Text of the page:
The Marvelous Mrs. Maisel Season 3 | Amazon

It’s all too pink

Watching this show is a treat for the eyes. Yet, at times this season needed some salt to counterbalance the sweetness. Attempts at real commentary float around the series but never seem to land. The truth of a Jewish road comic touring with a black singer should set in at some point that neither were always welcomed. But alas not quite. Midge learns truths about Shy that create room for his occasional diva behavior or lateness. The story moves forward telling the audience to pocket the inferences rather than use them at the moment they are presented. By the end, this creates a compounding issue for Midge who uses what she learned about Shy a little too much on stage.

Susie has a little too much fun in Vegas as she begins a gambling operation. Between playing craps and betting on sports with New York bookies, it becomes slowly clear she is in big and losing. What could be a major blow to her relationship with Midge is resolved all too quickly. The other conflict for Susie is Sophie Lenon. She tapped Susie to be her manager last season and now wants to be a Broadway star. Susie’s naivete and inexperience work in her favor as she muscles the production into being only for Sophie to fall apart. Susie doesn’t seem to take a hit for the failure, but Sophie does. The character works as opposition to Midge’s rise to success as Sophie avoids rising to the challenge.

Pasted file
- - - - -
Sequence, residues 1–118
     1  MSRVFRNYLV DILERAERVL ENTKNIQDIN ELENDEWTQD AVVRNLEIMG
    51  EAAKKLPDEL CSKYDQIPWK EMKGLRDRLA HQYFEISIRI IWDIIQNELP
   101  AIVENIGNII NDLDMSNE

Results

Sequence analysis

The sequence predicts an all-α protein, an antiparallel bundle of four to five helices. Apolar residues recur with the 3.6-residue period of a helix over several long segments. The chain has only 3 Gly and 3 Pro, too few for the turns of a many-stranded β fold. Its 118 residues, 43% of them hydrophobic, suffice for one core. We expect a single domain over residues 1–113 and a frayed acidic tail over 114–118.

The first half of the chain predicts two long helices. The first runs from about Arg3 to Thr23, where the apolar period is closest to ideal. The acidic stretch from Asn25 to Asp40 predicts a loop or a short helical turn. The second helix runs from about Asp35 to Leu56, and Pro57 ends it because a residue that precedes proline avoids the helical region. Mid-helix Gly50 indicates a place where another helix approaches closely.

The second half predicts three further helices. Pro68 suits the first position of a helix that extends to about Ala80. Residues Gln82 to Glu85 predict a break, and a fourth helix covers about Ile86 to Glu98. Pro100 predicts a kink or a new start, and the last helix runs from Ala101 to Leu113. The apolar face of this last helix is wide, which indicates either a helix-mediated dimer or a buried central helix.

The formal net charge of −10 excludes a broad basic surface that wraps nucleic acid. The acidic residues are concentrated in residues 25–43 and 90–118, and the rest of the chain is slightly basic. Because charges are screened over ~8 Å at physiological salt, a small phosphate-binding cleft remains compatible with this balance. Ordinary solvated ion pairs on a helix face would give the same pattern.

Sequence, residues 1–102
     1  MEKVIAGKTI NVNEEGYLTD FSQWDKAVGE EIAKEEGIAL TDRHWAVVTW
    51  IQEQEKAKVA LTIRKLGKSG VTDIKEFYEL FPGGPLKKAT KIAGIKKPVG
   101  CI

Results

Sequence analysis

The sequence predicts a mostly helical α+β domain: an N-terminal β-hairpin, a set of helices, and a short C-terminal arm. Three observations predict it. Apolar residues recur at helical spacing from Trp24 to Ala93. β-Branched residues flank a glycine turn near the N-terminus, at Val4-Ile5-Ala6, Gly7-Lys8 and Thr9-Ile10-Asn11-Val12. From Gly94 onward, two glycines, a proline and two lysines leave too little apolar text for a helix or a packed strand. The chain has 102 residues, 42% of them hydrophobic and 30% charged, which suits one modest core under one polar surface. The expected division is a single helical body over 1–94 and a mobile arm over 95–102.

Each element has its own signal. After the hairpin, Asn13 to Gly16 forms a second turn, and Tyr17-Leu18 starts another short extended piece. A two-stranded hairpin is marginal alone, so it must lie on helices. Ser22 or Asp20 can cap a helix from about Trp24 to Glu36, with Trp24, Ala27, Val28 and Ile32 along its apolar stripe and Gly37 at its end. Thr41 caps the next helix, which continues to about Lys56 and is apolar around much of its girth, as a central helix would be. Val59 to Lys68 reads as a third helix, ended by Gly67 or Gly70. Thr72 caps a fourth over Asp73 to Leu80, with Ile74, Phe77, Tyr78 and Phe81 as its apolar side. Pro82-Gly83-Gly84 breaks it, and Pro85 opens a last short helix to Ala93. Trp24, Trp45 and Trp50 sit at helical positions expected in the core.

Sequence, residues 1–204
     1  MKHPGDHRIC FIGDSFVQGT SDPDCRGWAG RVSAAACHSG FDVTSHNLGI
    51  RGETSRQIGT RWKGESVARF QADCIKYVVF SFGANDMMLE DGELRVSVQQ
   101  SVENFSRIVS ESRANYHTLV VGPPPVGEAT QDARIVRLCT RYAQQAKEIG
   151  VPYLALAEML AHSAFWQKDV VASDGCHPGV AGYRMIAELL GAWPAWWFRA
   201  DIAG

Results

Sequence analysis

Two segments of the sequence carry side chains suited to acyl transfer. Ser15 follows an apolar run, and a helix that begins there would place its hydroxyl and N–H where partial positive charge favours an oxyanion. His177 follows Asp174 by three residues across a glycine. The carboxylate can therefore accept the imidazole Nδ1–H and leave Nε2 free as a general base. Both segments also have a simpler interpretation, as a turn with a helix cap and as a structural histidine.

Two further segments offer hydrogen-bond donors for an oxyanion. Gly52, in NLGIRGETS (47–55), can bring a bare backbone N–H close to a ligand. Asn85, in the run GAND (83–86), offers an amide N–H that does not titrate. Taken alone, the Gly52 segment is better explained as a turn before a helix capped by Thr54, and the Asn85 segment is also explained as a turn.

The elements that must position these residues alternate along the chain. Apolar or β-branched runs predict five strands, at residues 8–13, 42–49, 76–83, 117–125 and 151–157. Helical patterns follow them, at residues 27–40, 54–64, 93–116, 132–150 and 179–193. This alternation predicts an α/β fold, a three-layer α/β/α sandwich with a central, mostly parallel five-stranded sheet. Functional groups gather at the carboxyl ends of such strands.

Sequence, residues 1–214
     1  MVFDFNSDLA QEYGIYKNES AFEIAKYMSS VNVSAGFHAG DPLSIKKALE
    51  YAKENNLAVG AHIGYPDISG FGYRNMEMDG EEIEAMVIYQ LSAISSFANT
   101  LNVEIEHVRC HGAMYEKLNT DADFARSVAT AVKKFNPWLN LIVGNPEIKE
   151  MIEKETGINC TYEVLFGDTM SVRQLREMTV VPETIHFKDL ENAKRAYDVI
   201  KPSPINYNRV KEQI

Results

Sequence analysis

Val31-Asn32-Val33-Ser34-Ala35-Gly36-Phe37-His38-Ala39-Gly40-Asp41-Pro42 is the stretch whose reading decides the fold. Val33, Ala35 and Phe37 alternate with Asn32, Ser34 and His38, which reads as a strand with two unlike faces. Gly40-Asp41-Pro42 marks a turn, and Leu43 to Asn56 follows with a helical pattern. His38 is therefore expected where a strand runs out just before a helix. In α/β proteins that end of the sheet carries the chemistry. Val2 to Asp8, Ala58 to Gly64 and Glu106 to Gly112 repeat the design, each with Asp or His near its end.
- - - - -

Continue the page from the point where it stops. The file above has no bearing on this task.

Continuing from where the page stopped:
Abe and Rose also struggle this season with finances following abe blowing up their lives in season 2. Rose narrowly avoids sheer panic in trying to piece their lives back together. A Midge and Rose confrontation is a great scene where the two realize how similar they really have become. Abe has become a renaissance man determined with no financial plan. The Abe and Rose story is introduced and used as comedy or silly drama, but it is not yet resolved.

The Marvelous Mrs. Maisel Season 3 | Amazon
The Marvelous Mrs. Maisel Season 3 | Amazon

To the bitter end

Season one ended with the introduction of Midge’s persona, Mrs. Maisel, while the season two ending continued her climb to the top. The Marvelous Mrs. Maisel season 3 ending is a sharp stop. In an attempt to avoid major spoilers, the series completes the year on a sour note. Although the season is packed with everything you love about Maisel, the ending does show Midge fail big for the first time. So, what does it take to be a star? She thought she knew. How many failures create success? Midge thought none. What if you never make it? Now, this feels all too real. Susie and Midge are tasked with starting fresh by the end, but the drama will need to work itself out in season four.

What did you think of The Marvelous Mrs Maisel season 3? Share in the comments!

The Marvelous Mrs. Maisel season 3 sparkles and shines, but could use a little more salt to help this oh-so-sweet show go down a little better. Midge and Susie hit the road not realizing how they will need to manage along the way. The show works against itself at times in avoiding too much real drama, but it's far too well-made to ever think this show has lost its luster.